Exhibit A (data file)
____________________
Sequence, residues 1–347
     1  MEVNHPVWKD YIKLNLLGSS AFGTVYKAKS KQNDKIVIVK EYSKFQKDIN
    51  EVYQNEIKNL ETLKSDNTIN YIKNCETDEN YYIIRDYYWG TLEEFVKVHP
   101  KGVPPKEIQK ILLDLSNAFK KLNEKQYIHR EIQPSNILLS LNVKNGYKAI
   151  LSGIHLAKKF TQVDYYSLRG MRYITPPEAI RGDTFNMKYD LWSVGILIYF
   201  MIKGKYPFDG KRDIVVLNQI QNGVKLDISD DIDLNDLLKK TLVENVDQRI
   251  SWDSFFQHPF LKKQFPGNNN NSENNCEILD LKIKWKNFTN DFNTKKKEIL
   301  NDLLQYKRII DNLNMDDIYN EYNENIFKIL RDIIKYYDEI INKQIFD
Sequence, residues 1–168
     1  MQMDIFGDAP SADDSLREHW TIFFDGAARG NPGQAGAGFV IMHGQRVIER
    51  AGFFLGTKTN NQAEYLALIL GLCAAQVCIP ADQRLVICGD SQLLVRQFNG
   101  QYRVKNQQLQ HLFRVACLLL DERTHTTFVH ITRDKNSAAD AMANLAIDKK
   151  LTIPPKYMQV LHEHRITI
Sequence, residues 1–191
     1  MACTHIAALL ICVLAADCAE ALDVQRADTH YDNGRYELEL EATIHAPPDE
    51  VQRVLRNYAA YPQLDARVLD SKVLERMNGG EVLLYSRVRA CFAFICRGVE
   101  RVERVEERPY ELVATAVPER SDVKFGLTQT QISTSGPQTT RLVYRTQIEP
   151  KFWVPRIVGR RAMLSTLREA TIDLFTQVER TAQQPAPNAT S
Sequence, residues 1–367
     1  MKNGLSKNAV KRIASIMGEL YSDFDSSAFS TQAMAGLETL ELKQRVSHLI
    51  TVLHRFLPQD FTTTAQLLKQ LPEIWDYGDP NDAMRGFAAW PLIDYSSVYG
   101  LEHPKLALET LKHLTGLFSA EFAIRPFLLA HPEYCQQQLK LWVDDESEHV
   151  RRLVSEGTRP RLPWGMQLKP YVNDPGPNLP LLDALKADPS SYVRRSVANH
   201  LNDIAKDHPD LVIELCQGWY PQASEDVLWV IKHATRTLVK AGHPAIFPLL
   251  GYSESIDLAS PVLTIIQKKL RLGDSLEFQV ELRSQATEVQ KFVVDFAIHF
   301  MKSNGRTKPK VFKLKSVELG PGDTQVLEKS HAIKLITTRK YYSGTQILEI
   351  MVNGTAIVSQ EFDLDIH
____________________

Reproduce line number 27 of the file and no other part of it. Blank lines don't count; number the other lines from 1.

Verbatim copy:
   351  MVNGTAIVSQ EFDLDIH